By using a solution like iCreate, one can readily produce highly compelling training content, including audio, animations, Flash simulations, video and interactive quizzes and surveys. This content can then be easily repurposed for on-demand access at the audience's convenience via the iCreate server or delivered live in a virtual training session using MeetingPlace web and voice conferencing. The trainer will also have the ability to measure how many people were trained, as well as how effective the content was.
Geetesh: Every vendor seems to approach online media delivery technology in a different way - using Flash, Java or WindowsMedia. While this provides the end user with more choices, it also shows lack of standards. What do you think?
Bill: Today, the most ubiquitous of these technologies is Flash, and applications that leverage it without being encumbered by less ubiquitous technologies (e.g. also requiring Windows Media for video content), offer the greatest probability of an audience successfully accessing the rich content being shared. A more ubiquitous standard may evolve, so buyers should be looking for products that are not locked into a particular media format. For example, the MeetingPlace iCreate architecture first converts PowerPoint to XML, which can then be converted to Flash or whatever becomes the next most ubiquitous format.
Geetesh: Why do all rich media solutions emanate from PowerPoint rather than any other application?
Bill: PowerPoint is the de facto standard for presentation-related content authoring. The average computer user can readily produce a basic PowerPoint presentation with text, graphics and in some cases, animations. Users don't want to learn a new, separate tool to go beyond what PowerPoint offers. They are willing to adopt products that allow them to produce more compelling content while leveraging what they already can do in PowerPoint. Another important factor is that millions of PowerPoint presentations already exist, and users don't want to spend time recreating their content in another tool.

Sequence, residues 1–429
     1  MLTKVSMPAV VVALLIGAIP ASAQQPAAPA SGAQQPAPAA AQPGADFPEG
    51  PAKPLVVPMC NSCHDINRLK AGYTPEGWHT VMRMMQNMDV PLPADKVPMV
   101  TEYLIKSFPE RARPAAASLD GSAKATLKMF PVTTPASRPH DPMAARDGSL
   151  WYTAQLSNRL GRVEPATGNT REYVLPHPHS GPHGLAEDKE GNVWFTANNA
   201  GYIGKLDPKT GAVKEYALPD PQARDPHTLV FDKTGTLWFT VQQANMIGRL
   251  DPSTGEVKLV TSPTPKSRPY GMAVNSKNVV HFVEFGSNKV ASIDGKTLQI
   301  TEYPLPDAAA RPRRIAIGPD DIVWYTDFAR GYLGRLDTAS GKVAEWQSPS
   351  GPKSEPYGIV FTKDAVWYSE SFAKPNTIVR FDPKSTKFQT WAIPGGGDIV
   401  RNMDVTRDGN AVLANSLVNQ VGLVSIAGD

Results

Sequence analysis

Geetesh: What type of support system is in place for iCreate?
Bill: Customers of iCreate are supported by Latitude's world-class support organization. Since Latitude was born over 10 years ago, we have retained over 95% of our customers. This is largely the result of our success in supporting customers.
Geetesh: Would you like to share some trivia about some non-conventional use of iCreate?
Bill: Rich-media newsletters come to mind. Instead of sending text-based e-mail newsletters like every other company, a marketing group can use iCreate to generate dynamic, interactive newsletters that play audio, Flash and even video as soon as an e-mail is accessed. Another example is a sales person using iCreate to share product or service information with a prospect. Using iCreate's notification and tracking capabilities, the sales person will know when the prospect accesses the information and can then promptly follow up to move the opportunity along. Additionally, the SmartObject framework built into iCreate offers limitless opportunities for other new and exciting applications. For example, iCreate could be integrated with a company's CRM system so that presentations including sales or customer data would reflect real-time information.